I could live with a high level of difficulty if the goals were more straightforward, but Blood West also suffers from some unclear quest direction. Quest objectives will usually be focused on finding a particular object for someone, like a holy relic or pure alcohol, and with a marker placed on your map. Despite that marker, finding the items still often relies on a lot of trial and error in terms of figuring out where in the cave or collection of buildings indicated on my map it would be. The NPCs are no use in terms of giving hints, leading to many voyages featuring a lot of poking my head into every single room or building until I randomly stumbled on the item, along with many deaths, of course. I feel like a clearer description in the quest journal of where to look, or a Dishonored-style X-Ray vision mode at least indicating where the general location of important items are, would have led to a lot less time wasted with aimless wandering.
I’m disappointed that I found Blood West so often frustrating to play, as it was quite nice to look at. Of all the game’s throwbacks to 25 years ago, the visual aspect was the most compelling, featuring what is effectively a modernised and cleaned-up take on late-90’s 3D modelling. It fits the retro tone and made me feel quite nostalgic whenever I got close enough to an object to see the pixels. It never interfered with the gameplay, either, with the NPCs all looking clearly distinct and the enemies all appropriately fearsome.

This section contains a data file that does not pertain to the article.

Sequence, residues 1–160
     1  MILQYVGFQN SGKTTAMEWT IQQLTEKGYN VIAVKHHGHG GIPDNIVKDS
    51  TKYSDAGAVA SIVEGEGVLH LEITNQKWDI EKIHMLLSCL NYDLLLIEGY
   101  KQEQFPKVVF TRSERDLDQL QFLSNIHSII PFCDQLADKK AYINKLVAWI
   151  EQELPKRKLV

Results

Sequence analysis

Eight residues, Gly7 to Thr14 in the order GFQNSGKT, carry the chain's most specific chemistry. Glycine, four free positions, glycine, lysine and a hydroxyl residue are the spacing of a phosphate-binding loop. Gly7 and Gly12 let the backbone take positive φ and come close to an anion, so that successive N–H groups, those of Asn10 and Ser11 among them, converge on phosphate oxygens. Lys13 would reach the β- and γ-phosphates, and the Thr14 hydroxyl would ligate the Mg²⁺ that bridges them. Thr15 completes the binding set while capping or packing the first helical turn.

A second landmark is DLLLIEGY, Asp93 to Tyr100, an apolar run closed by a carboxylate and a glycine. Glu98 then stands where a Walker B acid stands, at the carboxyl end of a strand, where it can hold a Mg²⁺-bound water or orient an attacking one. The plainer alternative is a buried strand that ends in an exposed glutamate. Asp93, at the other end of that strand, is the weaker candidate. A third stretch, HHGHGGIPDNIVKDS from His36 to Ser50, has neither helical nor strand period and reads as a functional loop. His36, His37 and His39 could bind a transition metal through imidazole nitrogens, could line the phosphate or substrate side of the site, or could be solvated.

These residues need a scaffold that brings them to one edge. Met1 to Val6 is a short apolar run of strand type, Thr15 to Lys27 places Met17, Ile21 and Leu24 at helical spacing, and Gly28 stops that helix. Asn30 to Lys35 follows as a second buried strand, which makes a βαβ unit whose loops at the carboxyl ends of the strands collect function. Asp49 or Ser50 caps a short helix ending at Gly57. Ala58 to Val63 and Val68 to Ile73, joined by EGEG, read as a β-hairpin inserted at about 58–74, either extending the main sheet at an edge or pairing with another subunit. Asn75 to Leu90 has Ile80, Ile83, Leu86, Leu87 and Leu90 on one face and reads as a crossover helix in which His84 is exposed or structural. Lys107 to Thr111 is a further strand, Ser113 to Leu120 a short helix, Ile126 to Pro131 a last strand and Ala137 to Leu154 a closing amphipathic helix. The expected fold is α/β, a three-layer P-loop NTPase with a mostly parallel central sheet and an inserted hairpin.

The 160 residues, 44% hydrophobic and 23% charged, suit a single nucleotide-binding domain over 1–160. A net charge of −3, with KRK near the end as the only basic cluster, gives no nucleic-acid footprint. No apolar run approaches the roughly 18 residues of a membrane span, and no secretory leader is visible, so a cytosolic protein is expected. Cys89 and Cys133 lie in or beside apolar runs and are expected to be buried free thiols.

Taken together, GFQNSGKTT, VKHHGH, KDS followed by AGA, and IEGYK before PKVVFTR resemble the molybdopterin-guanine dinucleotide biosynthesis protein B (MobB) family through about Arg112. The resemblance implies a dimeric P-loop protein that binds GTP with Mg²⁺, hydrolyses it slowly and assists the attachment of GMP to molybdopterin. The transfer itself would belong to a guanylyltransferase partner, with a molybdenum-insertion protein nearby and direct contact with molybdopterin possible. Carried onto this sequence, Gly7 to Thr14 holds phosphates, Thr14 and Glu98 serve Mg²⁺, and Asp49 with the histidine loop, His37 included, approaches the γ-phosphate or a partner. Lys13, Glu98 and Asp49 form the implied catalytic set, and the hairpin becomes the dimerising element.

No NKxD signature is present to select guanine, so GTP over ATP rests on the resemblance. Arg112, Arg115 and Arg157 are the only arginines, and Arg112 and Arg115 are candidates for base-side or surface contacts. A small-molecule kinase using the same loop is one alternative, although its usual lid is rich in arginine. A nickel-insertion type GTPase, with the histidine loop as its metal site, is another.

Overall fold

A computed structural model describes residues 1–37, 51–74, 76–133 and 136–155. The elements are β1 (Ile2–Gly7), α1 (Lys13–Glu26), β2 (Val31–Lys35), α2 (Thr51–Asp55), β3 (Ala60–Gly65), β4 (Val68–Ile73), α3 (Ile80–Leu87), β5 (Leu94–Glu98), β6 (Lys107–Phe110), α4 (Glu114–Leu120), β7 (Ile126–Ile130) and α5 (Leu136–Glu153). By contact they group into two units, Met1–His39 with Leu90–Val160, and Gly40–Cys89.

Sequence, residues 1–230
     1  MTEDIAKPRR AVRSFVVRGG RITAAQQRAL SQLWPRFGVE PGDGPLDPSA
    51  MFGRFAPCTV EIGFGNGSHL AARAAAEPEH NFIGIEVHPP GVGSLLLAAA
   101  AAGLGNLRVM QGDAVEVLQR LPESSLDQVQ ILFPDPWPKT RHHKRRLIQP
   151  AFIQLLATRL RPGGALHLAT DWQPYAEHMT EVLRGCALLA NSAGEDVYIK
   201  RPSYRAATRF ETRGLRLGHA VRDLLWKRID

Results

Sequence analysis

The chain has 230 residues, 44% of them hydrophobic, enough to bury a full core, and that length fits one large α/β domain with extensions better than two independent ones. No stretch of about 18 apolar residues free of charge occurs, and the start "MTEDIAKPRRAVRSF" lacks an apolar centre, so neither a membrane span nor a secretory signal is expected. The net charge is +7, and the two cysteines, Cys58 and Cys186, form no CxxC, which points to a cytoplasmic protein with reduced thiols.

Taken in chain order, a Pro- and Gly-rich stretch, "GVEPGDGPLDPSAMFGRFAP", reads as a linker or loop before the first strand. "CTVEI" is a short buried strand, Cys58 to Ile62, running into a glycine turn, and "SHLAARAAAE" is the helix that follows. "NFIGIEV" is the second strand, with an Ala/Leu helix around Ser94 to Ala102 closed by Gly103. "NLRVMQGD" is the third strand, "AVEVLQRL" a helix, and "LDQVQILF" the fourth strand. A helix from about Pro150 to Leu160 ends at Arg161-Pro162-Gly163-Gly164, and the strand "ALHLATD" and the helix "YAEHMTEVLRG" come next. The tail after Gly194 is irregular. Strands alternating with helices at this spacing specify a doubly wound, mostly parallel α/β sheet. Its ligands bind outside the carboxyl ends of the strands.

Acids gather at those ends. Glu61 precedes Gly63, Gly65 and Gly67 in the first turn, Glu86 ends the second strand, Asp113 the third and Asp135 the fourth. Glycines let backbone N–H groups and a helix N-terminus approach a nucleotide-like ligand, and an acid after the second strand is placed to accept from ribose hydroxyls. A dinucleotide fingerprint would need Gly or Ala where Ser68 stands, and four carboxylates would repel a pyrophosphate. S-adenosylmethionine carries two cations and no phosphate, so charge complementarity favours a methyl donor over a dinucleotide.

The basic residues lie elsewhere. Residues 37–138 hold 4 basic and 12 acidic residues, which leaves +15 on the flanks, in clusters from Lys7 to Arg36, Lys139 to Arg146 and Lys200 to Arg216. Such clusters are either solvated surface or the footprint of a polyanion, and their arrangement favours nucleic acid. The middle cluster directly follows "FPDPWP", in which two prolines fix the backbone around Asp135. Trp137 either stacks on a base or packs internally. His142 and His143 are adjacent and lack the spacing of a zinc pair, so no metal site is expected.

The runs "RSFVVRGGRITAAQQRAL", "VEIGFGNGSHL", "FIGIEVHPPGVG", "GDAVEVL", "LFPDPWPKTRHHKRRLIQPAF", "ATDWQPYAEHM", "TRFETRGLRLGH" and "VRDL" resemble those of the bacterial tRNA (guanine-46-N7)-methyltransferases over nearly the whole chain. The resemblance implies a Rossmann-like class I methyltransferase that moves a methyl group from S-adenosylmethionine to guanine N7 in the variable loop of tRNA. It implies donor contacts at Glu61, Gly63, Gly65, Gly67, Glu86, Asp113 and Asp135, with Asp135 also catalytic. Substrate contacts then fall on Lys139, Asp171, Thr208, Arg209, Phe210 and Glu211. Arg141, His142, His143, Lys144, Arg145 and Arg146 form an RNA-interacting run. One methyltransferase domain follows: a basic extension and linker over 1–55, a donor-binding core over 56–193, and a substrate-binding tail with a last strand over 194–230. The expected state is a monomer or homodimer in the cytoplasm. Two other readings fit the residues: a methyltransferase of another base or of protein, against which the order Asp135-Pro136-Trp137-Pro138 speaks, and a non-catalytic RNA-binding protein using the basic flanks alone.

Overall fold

- Some areas dotted throughout the map were suitably intricate and interesting to explore
- Helpful stealth-focused user interface makes knowing how detected you are very clear
- Beautiful modernised retro visual style
- Open world exploration does not mesh well with the stealth-focused gameplay
- Lack of health bars makes stealth attacks unreliable and too risky
- Frustratingly punishing death mechanics, making any small mistake challenging to claw yourself back from
- Unclear quest objectives leads to a lot of trial and error
Blood West takes inspiration from Deus Ex, Thief and Dishonored, yet falls disappointingly short. The level design and some particular mechanics didn’t aid the stealth gameplay very much, though the game’s large arsenal of weapons and tools and helpful UI do give it a decent stealth foundation which fans of the genre can get a lot out of. Unfortunately, the game’s gruelling death mechanics, unclear quest objectives and simple plot create an experience that’s simply exhausting after a while. Fans of stealth-focused immersive sims might enjoy Blood West well enough, but only if they are prepared for many frustrating mechanics holding the experience back.